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Über dieses Buch

This book provides researchers and students with an understanding of the basic legal tenets of the Islamic finance industry, studying the real economic effects of those tenets using the tools of the modern economic theory. Split into four parts, the book begins with an introduction to the history and a legal framework for Islamic banking, covering typical Islamic financial products such as Sukuk and Takaful and examining the structure of Islamic financial institutions. It then analyzes and discusses the Miller-Modigliani Theorem, which is of direct relevance to Islamic banks which are prohibited to charge interest and often have to rely of profit-loss sharing agreements. Part III of the book introduces the reader to modern mechanism design theory, paying particular attention to optimal contracting under hidden action and hidden information, and final part of the book applies the tools of economic theory to understand performance of Islamic financial institutions such as Islamic banks and Takaful operators.

Islamic Finance in Light of Modern Economic Theory brings together all the necessary technical tools for analyzing the economic effects of Islamic frameworks and can be used as an advanced textbook for graduate students who wish to specialize in the area, as a reference for researchers and as a tool to help economists improve the design of Islamic financial institutions.

Inhaltsverzeichnis

Frontmatter

Islamic Finance: Rationale, History, Instruments and the Legal Framework

Frontmatter

1. Introduction

In this chapter we discuss our main rationale for writing this book and introduce the reader to the two worlds of finance.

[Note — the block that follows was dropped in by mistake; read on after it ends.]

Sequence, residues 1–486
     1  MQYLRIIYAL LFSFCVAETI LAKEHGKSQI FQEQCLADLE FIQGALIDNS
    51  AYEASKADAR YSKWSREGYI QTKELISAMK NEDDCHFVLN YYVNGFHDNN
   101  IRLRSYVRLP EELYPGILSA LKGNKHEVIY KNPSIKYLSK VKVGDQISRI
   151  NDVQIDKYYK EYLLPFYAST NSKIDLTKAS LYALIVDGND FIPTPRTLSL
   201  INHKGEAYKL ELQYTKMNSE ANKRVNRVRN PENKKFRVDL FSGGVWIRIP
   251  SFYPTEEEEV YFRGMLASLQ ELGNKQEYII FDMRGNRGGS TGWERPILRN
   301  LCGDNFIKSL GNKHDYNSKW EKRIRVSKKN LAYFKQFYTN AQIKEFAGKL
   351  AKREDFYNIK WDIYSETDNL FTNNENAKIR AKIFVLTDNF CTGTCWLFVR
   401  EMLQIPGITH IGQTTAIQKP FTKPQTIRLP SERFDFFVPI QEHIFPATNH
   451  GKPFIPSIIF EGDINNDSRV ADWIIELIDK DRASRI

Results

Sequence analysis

Suren Basov, Ishaq Bhatti

2. Islamic Financial Instruments

In this chapter we are going to describe the major Islamic financial instruments and compare them with the conventional ones. Islamic financial instruments can be divided into equity-based and debt-based instruments. The first group includes mushārakah, a contract governing the pooling of labor and capital, and mudārabah, an agency contract. The second group consists of murābahah, a generic sale contract, salam, which allows the seller not to be in possession of the good at the time of sale; however, the good must be fungible and readily available on the market, istisnā’, which is similar to salam, but dispenses with the fungibility requirement, and ijarah, which refers to renting someone’s goods or services.
Suren Basov, Ishaq Bhatti

3. The Historical Roots and Evolution of Islamic Financial Thought

Islamic banking is a modern phenomenon; however, its roots go deep into history with its principles primarily derived from the Quran. An early market economy developed in the Islamic world between the eighth and twelfth centuries, which was based on an early form of mercantilism, sometimes called Islamic capitalism.
Suren Basov, Ishaq Bhatti

The Law of Unexpected Consequences

Frontmatter

4. The Incidence of Taxation

In this chapter we consider a situation where a government levies a tax on the producer or on the consumer of the good. We show that, contrary to what one might guess, the economic burden of taxation, known in economics as tax incidence, does not depend on where the tax is levied, but on the price elasticity of demand and supply.
Suren Basov, Ishaq Bhatti

5. The Basics of Corporate Finance: The Miller–Modigliani Theorem

The previous chapter illustrated that our intuition is not a very reliable guide when it comes to designing complex policies and that formal analysis is often needed. The issue of tax burden, though important, is of no direct relevance to the theory and practice of Islamic finance (IF). The example we consider in this chapter, how the value of the firm is affected by the way it is financed, is of direct relevance to IF. When you decide to start a business, one of your first questions is likely to be how to raise the money to finance your operations. Broadly, there are two ways to raise funds: taking debt or issuing equity. Debt financing, however, requires one to pay interest to the lender, typically a bank. Islamic law prohibits charging interest or entering into a contract that requires one to pay interest. Is such a requirement a significant handicap for Islamic businesses?